)Ms. Kaye displays amazing strength by standing up to the mental health system, protecting her son, and, ultimately, letting him go so he could be as independent as possible. Her story is surprisingly easy to read, almost like a novel. You’re rooting for her, for Ben, and for his sister all the way. You will admire their courage as a family as they face the challenges of schizophrenia, when “normal” isn’t quite what they expected it would be.
(National Family Caregivers Association
)The story of Randye Kaye’s son’s descent into psychosis and the long road to recovery reads like a diary, complete with dialogue, commentary, and an account of her own emotions as each incident and turn of events unfolds. You would think the attention to detail would weigh down the reader, but it has the opposite effect. It carries the reader along. If you’re someone who has watched a member of your family fall ill, it will also bring you to tears – not tears of sadness but, if there are such things, tears of delight at how she got things so right. There’s a fair chance that in reading Ben Behind His Voices, which is told by Kaye in the first person, you will be reading your own story as well.
(North Shore Schizophrenia Society
)[L]ay readers will very likely be held in thrall by Kaye's attention grabbing personal account of her family's journey from the chaos of Ben's schizophrenia to hope. And at a professional level, the book's contents may especially be of enthralling interest professionally to mental health professionals, and also to legal professionals.
)Ben Behind his Voices
reminds us that schizophrenia is an illness, but not necessarily an identity. It movingly depicts the difficulty and the importance of recognizing, accepting, and managing the symptoms of this disorder. (John H. Krystal M.D., Yale University School of Medicine)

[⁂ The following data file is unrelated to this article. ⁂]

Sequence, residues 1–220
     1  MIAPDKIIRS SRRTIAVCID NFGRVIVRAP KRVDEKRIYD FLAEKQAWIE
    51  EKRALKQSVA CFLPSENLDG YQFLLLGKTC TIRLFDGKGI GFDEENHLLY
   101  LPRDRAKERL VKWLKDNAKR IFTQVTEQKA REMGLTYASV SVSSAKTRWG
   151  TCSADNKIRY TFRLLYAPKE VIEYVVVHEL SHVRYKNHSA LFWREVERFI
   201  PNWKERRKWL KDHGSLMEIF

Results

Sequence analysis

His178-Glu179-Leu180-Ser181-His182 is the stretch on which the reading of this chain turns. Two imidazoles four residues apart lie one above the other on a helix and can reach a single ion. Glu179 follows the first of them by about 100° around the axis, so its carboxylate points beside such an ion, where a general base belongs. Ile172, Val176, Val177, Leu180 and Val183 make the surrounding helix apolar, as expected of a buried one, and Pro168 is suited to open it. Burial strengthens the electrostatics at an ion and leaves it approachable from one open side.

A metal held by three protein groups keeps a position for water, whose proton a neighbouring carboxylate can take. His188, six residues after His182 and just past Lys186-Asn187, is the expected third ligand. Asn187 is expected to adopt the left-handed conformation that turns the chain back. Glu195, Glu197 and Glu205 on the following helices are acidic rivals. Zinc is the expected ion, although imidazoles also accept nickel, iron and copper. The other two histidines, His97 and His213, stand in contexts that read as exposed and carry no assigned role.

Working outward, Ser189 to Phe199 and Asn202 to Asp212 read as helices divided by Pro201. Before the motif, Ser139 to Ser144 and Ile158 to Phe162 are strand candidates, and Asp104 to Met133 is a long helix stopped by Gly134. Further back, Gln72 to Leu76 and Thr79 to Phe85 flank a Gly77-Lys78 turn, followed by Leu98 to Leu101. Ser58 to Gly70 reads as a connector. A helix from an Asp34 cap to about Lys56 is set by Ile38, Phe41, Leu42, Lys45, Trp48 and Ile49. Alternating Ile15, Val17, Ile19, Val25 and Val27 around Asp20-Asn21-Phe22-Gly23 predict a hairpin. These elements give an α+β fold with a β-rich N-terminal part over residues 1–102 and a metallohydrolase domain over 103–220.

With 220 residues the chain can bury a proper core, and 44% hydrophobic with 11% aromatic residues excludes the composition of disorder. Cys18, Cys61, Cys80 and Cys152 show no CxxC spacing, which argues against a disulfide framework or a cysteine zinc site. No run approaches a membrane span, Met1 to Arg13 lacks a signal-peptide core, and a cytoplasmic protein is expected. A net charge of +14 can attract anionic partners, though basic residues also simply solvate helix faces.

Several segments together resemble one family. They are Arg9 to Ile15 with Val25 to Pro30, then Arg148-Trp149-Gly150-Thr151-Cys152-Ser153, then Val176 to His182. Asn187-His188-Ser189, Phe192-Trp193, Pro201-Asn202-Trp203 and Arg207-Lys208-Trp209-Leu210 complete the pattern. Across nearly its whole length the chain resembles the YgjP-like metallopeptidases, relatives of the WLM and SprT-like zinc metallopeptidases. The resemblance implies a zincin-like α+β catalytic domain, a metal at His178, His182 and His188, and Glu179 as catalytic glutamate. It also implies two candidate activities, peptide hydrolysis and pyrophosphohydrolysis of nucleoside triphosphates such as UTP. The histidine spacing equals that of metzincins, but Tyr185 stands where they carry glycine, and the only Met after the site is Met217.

The book is too good to be true. I love the way Randye talks about her son; she is very direct about her experiences with mental illness in her family. This book is just what our family members are looking for when they learn their loved one has been diagnosed with any severe mental illness. The biggest question out there is whether there is any hope for them; I am pretty sure family members are going to find an answer as well as the understanding that will make a huge difference to all of them. I have nothing but wonderful things to say about this book. I love it! (Paloma B. Dee, NAMI-CT Family & Professional Education Program Director, CT)
Randye Kaye has a message for all of us. With courage and fortitude she embraces her son and all his symptoms. She doesn't judge. She doesn't give up. She loves. She hopes. And in this book she explains how other parents can follow her lead and learn from her years of extraordinary experience. (Roberta Temes)
Should be required reading for all psychology professionals and students, as well as anyone who loves or cares for someone suffering with schizophrenia. Incredibly well written, profoundly honest, and, perhaps, most importantly, Randye Kaye offers help and hope to thousands of families needing to hear her story! I sat holding my breath as I turned each page. The author is not only a survivor and an incredibly loving mother, she is—by any standards—a gifted writer. (Linda Appleman Shapiro, psychotherapist, oral historian, author of Four Rooms Upstairs
Immediately, I was immersed. The time flew by unnoticed, and I didn't want the chapters to end. Randye is a wonderful writer. I can feel and understand what's happening in such a way that it's almost as though it's happening to me, instead of being told to me. This book is going to be a bible for so many who've had schizophrenia touch their lives as well as for those who wish to understand this debilitating disease. (Gloria Gallo, actress)